Intrusion Prevention Systems

Intrusion prevention systems (IPS) – sometimes referred to as an intrusion detection prevention system (IDPS) – is a network security technology and key part of any enterprise security system that continuously monitors network traffic for suspicious activity and takes steps to prevent it. Largely automated, IPS solutions help filter out this malicious activity before it reaches other security devices or controls, effectively reducing the manual effort of security teams and allowing other security products to perform more efficiently.
IPS solutions are also very effective at detecting and preventing vulnerability exploits. When a vulnerability is discovered, there is typically a window of opportunity for threat actors to exploit it before a security patch can be applied. An intrusion prevention system is used here to quickly block these types of attacks.

intrusion-preventionIPS appliances were originally built and released as stand-alone devices in the mid-2000s. This functionality, however, has been integrated into unified threat management (UTM) solutions for small and medium-sized companies as well as next-generation-firewalls at the enterprise level today. Next-generation IPS solutions are now connected to cloud-based computing and network services that enable them to provide a sophisticated approach to protect against ever-increasing cybersecurity threats facing local and global organizations worldwide.

How Intrusion Prevention Works

Unlike its predecessor the intrusion detection system (IDS) – which is a passive system that scans traffic and reports back on threats – the IPS is placed inline, directly in the flow of network traffic between the source and destination. Usually sitting right behind the firewall, the solution is actively analyzing and taking automated actions on all traffic flows that enter the network. These actions can include:

  • Sending an alarm to the administrator (as would be seen in an IDS)
  • Dropping the malicious packets
  • Blocking traffic from the source address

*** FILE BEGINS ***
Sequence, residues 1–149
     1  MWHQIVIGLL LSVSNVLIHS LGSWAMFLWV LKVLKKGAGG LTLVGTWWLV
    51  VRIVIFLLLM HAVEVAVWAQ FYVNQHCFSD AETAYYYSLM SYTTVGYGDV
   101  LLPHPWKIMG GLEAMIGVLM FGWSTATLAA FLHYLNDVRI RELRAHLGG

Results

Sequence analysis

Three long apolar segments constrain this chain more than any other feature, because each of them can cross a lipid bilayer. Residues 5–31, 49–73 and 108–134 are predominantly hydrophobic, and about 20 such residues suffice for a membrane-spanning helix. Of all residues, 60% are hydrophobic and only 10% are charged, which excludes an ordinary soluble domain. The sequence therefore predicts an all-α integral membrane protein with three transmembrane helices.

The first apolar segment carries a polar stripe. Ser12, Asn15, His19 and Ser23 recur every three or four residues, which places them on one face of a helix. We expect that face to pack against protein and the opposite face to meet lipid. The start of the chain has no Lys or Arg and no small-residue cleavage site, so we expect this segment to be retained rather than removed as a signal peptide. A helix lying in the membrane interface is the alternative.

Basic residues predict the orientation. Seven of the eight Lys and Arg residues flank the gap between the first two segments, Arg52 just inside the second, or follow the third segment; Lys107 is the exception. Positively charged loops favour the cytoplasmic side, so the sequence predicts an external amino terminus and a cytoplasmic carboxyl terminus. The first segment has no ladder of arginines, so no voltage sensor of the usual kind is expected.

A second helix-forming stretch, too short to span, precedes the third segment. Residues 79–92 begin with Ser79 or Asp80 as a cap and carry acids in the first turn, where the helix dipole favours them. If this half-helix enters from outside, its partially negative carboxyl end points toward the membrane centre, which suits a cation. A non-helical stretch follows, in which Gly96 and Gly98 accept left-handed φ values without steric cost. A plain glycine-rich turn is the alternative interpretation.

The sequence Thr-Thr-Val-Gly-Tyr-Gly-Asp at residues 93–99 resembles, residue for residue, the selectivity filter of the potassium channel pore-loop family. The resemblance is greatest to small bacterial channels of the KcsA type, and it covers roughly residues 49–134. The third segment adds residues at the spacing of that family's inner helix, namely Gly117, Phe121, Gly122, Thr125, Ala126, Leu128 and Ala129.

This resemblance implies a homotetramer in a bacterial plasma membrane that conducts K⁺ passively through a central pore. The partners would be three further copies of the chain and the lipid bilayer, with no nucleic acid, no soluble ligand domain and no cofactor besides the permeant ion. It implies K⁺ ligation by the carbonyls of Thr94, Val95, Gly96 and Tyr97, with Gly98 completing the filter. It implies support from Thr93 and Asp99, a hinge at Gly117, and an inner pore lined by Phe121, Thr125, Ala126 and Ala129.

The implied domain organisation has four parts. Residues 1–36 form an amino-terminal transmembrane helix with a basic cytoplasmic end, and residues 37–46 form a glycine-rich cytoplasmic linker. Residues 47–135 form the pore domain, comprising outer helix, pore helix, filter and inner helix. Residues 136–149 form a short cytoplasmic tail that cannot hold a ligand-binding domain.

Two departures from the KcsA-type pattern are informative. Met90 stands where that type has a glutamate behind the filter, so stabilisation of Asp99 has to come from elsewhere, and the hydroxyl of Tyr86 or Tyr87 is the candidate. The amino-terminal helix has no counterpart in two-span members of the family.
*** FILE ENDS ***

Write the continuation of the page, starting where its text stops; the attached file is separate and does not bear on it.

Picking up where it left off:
• Resetting the connection
  • Configuring firewalls to prevent future attacks

As an inline security component, the IPS must work efficiently to avoid degrading network performance. It must also work fast because exploits can happen in near-real time and be able to detect and respond accurately so as to eliminate threats and false positives (i.e., legitimate packets misread as threats). To do this successfully, there are several techniques used for finding exploits and protecting the network from unauthorized access.

Signature-based detection is based on a dictionary of uniquely identifiable patterns (or signatures) in the code of each exploit. As an exploit is discovered, its signature is recorded and stored in a continuously growing dictionary of signatures. Signature detection for IPS breaks down into two types:

  • Exploit-facing signatures identify individual exploits by triggering on the unique patterns of a particular exploit attempt. The IPS can identify specific exploits by finding a match with an exploit-facing signature in the traffic stream.
  • Vulnerability-facing signatures are broader signatures that target the underlying vulnerability in the system that is being targeted. These signatures allow networks to be protected from variants of an exploit that may not have been directly observed in the wild but also raise the risk of false positives.
  • Anomaly-based detection takes samples of network traffic at random and compares them to a pre-calculated baseline performance level. When the sample of network traffic activity is outside the parameters of baseline performance, the IPS takes action to handle the situation.
  • Policy-based detection requires system administrators to configure security policies based on an organization’s security policies and network infrastructure. If any activity occurs that breaks a defined security policy, an alert is triggered and sent to the admins.

Types of Intrusion Prevention Systems

There are several types of IPS solutions, which can be deployed for different purposes. These include:

  • Network intrusion prevention system (NIPS), which is installed only at strategic points to monitor all network traffic and proactively scan for threats.
  • Host intrusion prevention system (HIPS), which is installed on an endpoint and looks at inbound and outbound traffic from that machine only. Often combined with NIPS, an HIPS serves as a last line of defense for threats.
  • Network behavior analysis (NBA) analyzes network traffic to detect unusual traffic flows and spot new malware or zero-day vulnerabilities.
  • Wireless intrusion prevention system (WIPS) simply scans a Wi-Fi network for unauthorized access and removes any unauthorized devices from the network.

Deep Learning for Evasive Threat Detection

To protect against the increase of sophisticated and evasive threats, intrusion prevention systems should deploy inline deep learning, which significantly enhances detections and accurately identifies never-before-seen malicious traffic without relying on signatures. Similar to the way neural networks function in our brains, deep-learning models go through several layers of analysis and process millions of data points in milliseconds. These sophisticated pattern recognition systems analyze network traffic activity with unparalleled accuracy, identifying never-before-seen malicious traffic inline with extremely low false-positive rates.

This additional layer of intelligent protection that can be used by an IPS solution provides further protection of business’s sensitive information and prevents sophisticated attacks that can paralyze an organization.